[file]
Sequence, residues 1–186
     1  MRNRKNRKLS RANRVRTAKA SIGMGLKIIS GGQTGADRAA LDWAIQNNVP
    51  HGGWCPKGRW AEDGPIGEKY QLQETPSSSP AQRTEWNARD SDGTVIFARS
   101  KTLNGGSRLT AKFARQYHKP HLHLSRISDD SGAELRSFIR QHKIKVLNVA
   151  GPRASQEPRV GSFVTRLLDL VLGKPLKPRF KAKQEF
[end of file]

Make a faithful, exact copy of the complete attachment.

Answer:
Sequence, residues 1–186
     1  MRNRKNRKLS RANRVRTAKA SIGMGLKIIS GGQTGADRAA LDWAIQNNVP
    51  HGGWCPKGRW AEDGPIGEKY QLQETPSSSP AQRTEWNARD SDGTVIFARS
   101  KTLNGGSRLT AKFARQYHKP HLHLSRISDD SGAELRSFIR QHKIKVLNVA
   151  GPRASQEPRV GSFVTRLLDL VLGKPLKPRF KAKQEF